• rate this

    Comment number 54.

    Becareful stephanie you risk being called a little englander by "little old me" if you state facts n show that germany n france need us and we buy a lot of their goods.

    Also I will add we are the biggest military power in europe and the protectors of it. They need us.

  • rate this

    Comment number 53.


    "... German Nazi party - technically extreme left (the clue is in their name - National Socialist Party)...."


    So the European People's Party are communists too, then?

  • rate this

    Comment number 52.

    If we decide to exit the EU then trade will just continue as before. We will still need to comply with EU trade rules but we have the same thing with (say) USA. What we will be rid of are the rules & regs decided by unelected EU Commissioners and a huge saving in money which can be spent on UK instead of contributing to the costs of the EU undemocratic, German run 4th Reich.

  • rate this

    Comment number 51.

    #39 WW2 was caused by German Nazi party - technically extreme left (the clue is in their name - National Socialist Party).

    There is no possibility of war in EU, that is just scaremongering.

    It is entirely possible to disagree with the direction the EU is taking without being a Xenophobic bigot

  • rate this

    Comment number 50.

    This article deals with two extremely important points. One is the extent to which the continent needs/relies on our market & I suspect would do whether or not we are part of the EU!. The other far more important point is that the EU is becoming a major distraction: our minds should be set on the BRIC countries. Thats where there is money to be made and massive, massive markets to export to

  • rate this

    Comment number 49.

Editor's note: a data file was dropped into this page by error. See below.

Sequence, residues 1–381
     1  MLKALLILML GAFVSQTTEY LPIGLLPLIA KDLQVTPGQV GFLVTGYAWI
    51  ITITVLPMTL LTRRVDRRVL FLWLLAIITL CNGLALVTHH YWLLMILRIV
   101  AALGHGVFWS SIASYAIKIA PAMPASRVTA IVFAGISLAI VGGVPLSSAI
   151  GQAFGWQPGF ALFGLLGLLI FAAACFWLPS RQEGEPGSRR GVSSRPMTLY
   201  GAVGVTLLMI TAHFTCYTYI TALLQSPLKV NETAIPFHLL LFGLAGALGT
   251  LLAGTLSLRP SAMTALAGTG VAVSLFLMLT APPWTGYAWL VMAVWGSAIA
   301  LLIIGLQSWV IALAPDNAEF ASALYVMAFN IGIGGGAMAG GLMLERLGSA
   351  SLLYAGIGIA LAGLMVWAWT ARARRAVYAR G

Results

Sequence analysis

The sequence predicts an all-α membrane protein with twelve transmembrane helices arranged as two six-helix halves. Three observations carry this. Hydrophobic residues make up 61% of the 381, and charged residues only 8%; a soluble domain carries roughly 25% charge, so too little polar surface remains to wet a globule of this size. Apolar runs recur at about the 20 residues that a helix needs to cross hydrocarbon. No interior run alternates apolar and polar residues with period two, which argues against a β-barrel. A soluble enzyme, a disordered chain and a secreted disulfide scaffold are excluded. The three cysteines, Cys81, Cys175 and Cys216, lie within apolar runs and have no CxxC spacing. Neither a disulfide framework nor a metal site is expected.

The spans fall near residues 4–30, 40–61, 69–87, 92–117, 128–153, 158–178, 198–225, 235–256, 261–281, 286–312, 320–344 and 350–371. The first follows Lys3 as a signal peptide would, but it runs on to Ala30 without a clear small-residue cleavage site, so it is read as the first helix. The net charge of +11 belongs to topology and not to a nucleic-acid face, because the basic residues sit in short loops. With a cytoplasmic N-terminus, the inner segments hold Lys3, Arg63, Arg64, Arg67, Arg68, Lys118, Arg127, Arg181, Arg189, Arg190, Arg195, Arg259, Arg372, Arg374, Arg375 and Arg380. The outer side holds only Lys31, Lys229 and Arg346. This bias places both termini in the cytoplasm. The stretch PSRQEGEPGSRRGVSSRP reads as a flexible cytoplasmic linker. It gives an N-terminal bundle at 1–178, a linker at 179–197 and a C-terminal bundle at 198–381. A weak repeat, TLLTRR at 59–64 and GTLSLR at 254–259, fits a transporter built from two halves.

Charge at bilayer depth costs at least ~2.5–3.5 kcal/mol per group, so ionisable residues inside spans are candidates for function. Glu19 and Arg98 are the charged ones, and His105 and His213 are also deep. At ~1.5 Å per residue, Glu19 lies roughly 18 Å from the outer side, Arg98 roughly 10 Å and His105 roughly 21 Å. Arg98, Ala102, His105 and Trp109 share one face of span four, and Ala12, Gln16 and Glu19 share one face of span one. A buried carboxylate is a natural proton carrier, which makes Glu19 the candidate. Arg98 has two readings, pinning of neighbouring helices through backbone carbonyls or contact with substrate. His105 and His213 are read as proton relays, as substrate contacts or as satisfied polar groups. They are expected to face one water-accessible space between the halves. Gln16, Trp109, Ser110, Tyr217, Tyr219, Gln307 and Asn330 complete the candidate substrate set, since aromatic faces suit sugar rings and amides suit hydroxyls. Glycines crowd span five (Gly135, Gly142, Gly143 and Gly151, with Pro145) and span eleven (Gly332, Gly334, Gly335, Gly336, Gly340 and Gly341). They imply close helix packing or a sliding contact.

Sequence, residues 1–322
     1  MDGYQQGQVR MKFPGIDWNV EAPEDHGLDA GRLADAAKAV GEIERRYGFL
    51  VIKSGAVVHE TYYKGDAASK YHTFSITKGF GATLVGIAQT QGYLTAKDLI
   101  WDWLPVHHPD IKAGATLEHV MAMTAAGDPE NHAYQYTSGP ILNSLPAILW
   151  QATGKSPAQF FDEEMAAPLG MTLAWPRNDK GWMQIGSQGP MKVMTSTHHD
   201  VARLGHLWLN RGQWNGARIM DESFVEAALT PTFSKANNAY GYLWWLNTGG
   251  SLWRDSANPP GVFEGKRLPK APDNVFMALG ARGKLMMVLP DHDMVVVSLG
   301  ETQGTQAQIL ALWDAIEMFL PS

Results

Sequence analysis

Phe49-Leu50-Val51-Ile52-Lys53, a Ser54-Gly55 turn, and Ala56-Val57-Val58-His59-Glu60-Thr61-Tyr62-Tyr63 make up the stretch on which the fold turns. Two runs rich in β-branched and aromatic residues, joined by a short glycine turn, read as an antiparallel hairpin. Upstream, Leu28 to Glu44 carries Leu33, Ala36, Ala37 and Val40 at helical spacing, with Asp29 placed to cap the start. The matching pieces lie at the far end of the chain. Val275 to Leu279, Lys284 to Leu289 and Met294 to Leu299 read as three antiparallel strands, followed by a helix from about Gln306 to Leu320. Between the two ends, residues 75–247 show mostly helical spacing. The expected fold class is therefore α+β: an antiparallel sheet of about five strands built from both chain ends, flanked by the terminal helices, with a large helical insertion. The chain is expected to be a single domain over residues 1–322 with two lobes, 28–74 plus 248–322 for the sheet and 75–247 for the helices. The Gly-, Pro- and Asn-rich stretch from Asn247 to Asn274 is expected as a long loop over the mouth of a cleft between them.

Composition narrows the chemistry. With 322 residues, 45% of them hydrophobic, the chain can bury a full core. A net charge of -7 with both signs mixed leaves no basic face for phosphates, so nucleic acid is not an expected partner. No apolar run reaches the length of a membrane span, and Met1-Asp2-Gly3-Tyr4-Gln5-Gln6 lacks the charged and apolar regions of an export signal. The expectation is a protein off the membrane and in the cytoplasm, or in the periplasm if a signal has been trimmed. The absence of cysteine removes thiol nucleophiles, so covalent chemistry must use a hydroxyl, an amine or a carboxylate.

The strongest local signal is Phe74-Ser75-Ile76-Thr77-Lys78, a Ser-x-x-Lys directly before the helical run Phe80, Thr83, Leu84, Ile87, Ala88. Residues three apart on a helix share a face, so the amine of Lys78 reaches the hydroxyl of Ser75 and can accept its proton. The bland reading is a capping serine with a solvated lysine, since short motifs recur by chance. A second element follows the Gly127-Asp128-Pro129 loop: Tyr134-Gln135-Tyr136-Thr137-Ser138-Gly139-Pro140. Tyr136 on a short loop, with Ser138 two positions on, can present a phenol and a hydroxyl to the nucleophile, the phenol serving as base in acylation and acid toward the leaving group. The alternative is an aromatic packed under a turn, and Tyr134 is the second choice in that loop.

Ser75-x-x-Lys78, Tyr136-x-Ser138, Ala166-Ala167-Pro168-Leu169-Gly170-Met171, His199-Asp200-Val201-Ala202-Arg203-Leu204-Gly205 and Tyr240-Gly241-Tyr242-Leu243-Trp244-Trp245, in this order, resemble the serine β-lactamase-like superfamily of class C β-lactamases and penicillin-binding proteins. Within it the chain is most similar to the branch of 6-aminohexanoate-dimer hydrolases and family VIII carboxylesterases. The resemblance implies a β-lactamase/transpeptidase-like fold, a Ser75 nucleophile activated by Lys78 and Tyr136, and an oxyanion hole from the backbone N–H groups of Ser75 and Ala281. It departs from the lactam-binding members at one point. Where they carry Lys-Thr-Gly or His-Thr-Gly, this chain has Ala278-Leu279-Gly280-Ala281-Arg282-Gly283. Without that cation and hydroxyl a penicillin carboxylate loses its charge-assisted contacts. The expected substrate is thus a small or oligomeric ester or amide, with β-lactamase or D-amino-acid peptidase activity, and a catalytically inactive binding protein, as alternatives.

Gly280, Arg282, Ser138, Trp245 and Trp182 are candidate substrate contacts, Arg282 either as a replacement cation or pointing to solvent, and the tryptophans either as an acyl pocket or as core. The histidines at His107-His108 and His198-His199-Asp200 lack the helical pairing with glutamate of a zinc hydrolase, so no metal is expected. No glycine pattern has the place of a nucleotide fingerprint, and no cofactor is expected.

What about the complicated, Eurozone merger? Well structured and acceptable terms for a '17 country Treaty', must take at least a decade. Politicians strutting like turkeys in Brussels is one thing, but nobody is getting down to the nitty gritty . As far as the UK is concerned, the present day EU will been radically transformed. All we need is fair trade. We dont want a Mother State

  • rate this

    Comment number 48.

    43 Your language becomes more absurd and reactionary by the minute.

  • rate this

    Comment number 47.

    JFH - it is possible to disagree without being a lunatic of the extreme right.
    Currently the EU has a democratic deficit and an endgame only for the generation of a super state - I do not wish it or its citizens ill. I would just like to see some reform. In the case of the Euro that must include transfers from rich to poor. As occurs in all currency blocks. And no, I wouldn't want to join in that.

  • rate this

    Comment number 46.

    36.jonathanbw - ".......Or maybe things will carry on pretty much as they are, in which case the pro-EU scaremongering should be viewed as propaganda.."

    That the best you can up with is a "maybe things will carry on as they are" neatly shows the paucity of the leave the EU arguement..... would be a hell of a gambol with our youngsters' future at best.....

  • rate this

    Comment number 45.

    42.IR35_SURVIVOR "#39 JfH I find your last comment very offensive."

    It was meant to be deeply offensive. You and your fellow travellers are propelling this country to war! Just as you did when you supported to blandishments of the BUF in the 1930s.